Last Updated: Wednesday, 27 August 2014, 14:57 GMT

After Brazilian judge is slain, UN human rights expert calls for more protection

Publisher UN News Service
Publication Date 19 August 2011
Cite as UN News Service, After Brazilian judge is slain, UN human rights expert calls for more protection, 19 August 2011, available at: http://www.refworld.org/docid/4e5381b22.html [accessed 28 August 2014]
DisclaimerThis is not a UNHCR publication. UNHCR is not responsible for, nor does it necessarily endorse, its content. Any views expressed are solely those of the author or publisher and do not necessarily reflect those of UNHCR, the United Nations or its Member States.
A United Nations human rights expert today called on Brazilian authorities to take immediate steps to better protect the country's judges, magistrates, prosecutors, public defenders and other lawyers in the wake of the recent assassination of a high-profile judge.

Gabriela Knaul, the Special Rapporteur on the independence of judges and lawyers, issued a statement a week after Judge Patrícia Lourival Acioli was shot dead by unknown gunmen at her home near Rio de Janeiro.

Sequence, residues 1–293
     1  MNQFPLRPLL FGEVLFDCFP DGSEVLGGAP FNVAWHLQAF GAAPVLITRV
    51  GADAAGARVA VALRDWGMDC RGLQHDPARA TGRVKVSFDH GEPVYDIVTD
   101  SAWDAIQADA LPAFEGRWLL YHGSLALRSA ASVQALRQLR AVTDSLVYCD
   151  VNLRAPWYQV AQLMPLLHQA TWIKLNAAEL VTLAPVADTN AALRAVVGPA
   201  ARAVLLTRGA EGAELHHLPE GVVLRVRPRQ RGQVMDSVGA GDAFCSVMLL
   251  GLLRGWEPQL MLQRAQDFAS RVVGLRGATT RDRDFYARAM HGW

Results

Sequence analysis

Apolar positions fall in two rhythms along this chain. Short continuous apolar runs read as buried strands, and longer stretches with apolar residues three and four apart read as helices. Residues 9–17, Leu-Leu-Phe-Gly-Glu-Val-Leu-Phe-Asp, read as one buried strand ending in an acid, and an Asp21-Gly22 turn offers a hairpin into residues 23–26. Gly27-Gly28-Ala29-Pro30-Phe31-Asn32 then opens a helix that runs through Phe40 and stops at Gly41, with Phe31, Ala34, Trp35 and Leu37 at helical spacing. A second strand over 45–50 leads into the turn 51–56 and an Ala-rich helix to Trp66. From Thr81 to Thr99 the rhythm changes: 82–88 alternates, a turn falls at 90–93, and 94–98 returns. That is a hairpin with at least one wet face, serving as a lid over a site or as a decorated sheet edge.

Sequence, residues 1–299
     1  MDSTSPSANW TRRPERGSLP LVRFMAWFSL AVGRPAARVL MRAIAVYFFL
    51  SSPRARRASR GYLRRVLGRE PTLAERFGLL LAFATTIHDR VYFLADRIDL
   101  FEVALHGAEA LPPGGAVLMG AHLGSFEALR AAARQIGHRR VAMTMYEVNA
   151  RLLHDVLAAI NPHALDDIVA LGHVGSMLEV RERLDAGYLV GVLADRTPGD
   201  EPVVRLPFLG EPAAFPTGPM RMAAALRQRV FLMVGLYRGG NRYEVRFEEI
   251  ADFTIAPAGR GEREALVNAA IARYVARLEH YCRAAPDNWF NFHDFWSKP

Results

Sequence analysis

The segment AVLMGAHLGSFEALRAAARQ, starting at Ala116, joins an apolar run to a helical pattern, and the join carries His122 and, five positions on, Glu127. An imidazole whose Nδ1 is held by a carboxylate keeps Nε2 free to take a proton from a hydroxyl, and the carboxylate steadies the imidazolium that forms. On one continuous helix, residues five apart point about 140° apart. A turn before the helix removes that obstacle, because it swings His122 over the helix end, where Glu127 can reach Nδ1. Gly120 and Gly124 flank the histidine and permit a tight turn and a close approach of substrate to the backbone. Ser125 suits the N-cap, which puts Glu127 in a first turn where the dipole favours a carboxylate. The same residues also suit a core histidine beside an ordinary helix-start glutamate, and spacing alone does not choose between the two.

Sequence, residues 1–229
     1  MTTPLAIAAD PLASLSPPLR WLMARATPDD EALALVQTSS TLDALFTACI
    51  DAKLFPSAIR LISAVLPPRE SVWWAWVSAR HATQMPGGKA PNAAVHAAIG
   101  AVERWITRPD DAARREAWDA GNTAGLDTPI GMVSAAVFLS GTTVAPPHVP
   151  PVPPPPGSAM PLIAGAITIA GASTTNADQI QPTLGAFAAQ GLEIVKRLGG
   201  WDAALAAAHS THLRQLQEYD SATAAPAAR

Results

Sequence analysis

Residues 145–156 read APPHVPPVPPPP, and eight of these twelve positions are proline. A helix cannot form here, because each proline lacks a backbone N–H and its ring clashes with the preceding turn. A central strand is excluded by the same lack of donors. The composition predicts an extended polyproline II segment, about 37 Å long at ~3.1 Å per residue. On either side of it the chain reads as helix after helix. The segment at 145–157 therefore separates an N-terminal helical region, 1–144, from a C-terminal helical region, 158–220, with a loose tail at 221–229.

Judge Acioli was renowned for her fight against criminal gangs, death squads and corrupt police officers.

"The assassination of Judge Acioli is evidence of the existence of a pervasive and serious problem regarding the protection of judges in Brazil," said Ms. Knaul, who is herself a judge in Brazil.

"The National Council for Justice has reported at least 69 threatened judges all over the country, while studies from the [Brazilian] justice ministry have reported that more than 90 judges are on a ‘most wanted' death list."

In her statement Ms. Knaul stressed that "it is high time for the Government to set up a national system of protection in order to allow judges to discharge their functions without fear for their life, integrity and security, and that of their families."

She noted that Brazil's Government is obliged under international law to adequately protect the judiciary against threats, intimidation, harassment and attacks.

Since August 2009, Ms. Knaul has served – in an independent and unpaid capacity – as UN Special Rapporteur on the independence of judges and lawyers. She reports to the Human Rights Council in Geneva.

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